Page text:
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Pay As You Earn (PAYE) is the way HMRC collects income tax from around 41 million customers. On average, around 8 million of these customers currently end the tax year having either over or under paid tax.
We are modernising the tax system to offer far more certainty for taxpayers, and to help people pay the right tax on their income as they earn it.
Why we’re making the changes
The current system doesn’t always work for customers whose circumstances change during the year:
- around 8 million customers underpay or overpay their tax each year
- two-thirds of these customers (5.5 million) overpay tax, of which just over 50% are the lowest paid, earning under £15,000 a year
- the current system can take up to 2 years for an individual’s tax account to be balanced after an underpayment has occurred
These improvements will stop most people paying too much tax during the year or getting unexpected tax bills at the end of the year. They will now pay the right tax at the right time.
How it will affect customers
The vast majority of PAYE taxpayers won’t notice a change.
However, millions of customers, who are our lowest paid, will pay less tax on a monthly basis by the end of the tax year because we will catch any overpayments sooner and prevent them from building up.
A smaller number of customers, who previously would have had an unexpected bill at the end of the year, will pay the right tax from the moment their circumstances change, so they will be able to manage their tax payments better.
If a customer’s circumstances change between 6 January 2018 and 5 April 2018 and the amount of tax due in the current year is affected, HMRC will adjust their tax code, but only start collecting the tax from 6 April 2018.
No customer has to do anything unless prompted to do so.
If there is a change which affects a customer’s tax HMRC will send them a tax code change notice, along with instructions on what to do. This will explain the change, and encourage them to use their online personal tax account if they need more information or further support.
In their personal tax account they can view any changes to their tax code, learn more about how their tax code is calculated and access help and support if needed.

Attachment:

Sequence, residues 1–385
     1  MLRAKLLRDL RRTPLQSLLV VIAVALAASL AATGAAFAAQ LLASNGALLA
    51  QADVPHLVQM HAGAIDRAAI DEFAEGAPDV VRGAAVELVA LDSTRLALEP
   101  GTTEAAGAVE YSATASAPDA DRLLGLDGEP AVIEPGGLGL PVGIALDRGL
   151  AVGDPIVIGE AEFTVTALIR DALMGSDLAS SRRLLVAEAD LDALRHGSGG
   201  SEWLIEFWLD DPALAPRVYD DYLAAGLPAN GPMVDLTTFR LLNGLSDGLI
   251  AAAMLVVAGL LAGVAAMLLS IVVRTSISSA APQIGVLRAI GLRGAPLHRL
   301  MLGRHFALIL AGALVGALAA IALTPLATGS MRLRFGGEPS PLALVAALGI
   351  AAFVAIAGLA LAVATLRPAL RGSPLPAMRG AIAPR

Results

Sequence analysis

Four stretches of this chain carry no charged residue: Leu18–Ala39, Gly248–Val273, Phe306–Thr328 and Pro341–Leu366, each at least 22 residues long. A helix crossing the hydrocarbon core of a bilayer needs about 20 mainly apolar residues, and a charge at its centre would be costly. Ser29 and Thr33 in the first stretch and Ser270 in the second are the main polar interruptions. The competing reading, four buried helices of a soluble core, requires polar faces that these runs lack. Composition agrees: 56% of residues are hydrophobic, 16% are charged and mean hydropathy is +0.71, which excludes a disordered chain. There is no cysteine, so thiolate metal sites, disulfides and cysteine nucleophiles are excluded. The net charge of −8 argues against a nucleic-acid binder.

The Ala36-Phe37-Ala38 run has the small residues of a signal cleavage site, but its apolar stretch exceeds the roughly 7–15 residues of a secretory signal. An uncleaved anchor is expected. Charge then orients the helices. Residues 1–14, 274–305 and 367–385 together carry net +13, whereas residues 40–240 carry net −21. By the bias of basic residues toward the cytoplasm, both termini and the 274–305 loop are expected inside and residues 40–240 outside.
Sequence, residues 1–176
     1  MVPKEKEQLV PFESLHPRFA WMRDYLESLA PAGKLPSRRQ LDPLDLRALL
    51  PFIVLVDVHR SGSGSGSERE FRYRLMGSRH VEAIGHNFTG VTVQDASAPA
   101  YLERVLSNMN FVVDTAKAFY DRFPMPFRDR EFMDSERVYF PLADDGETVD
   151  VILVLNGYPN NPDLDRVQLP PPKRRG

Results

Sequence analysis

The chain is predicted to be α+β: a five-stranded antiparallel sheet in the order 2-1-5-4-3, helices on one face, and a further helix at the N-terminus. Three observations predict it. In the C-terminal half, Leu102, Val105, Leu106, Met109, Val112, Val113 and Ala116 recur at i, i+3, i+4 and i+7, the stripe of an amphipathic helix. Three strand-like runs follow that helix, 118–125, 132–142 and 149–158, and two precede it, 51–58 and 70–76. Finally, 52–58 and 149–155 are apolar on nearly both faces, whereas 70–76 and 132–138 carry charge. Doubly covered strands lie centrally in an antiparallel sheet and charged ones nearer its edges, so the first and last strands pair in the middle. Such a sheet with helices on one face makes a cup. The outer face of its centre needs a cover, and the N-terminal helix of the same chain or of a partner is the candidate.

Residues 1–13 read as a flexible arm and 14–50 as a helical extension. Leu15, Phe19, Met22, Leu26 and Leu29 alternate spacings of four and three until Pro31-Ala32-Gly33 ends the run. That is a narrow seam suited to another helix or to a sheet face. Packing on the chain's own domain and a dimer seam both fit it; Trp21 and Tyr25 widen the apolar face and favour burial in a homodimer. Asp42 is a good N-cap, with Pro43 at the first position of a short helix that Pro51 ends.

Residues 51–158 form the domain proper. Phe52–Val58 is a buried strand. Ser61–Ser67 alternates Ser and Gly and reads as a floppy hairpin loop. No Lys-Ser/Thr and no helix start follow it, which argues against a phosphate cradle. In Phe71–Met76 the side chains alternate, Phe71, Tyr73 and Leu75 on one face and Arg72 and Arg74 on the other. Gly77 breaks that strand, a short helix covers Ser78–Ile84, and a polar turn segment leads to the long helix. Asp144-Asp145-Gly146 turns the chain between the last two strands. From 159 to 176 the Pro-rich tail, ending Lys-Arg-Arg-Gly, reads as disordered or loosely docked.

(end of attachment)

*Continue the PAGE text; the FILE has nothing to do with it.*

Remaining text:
What we’re doing to protect vulnerable customers
We will do all we can to ensure that no customer is disadvantaged by these improvements. Anyone facing difficulties will receive the extra support they need once they have contacted HMRC. This includes the option of spreading their tax payments over a longer period.
HMRC staff will point customers to the support available if they suspect someone might need help.
How we’re supporting those who are unable or unwilling to go online
For those who can’t go online there will be other ways to work with HMRC, such as telephone and home visits as appropriate.
Our Needs Extra Support service, launched in 2014, provides support to those in need through dedicated call handlers and a team of mobile advisers.
Customers will also be able to nominate a Trusted Helper – either a friend or relative – to manage their affairs on their behalf, and agents will continue to have a key role in supporting their customers’ use of online services.
What it means for employers
As we move to the new system, employers and pension providers could receive more tax codes, but still on a batched basis as we operate now.
Regular PAYE RTI submissions will continue unaffected, and it remains critical that employers submit accurate data on time.
What HMRC is doing to support employers
HMRC has been discussing these changes with employers since August 2016. We have produced guidance and support packs, and will continue to update agents and employers to make sure they are prepared for the new system.
To find out more
Read more about our modernisation plans.
To access your personal tax account go to gov.uk/personal-tax-account.
It takes just a few minutes to get started. You’ll need your National Insurance number and a recent payslip, P60 or passport to sign-in for the first time. Join the millions of taxpayers already using their personal tax account, and sign-in today.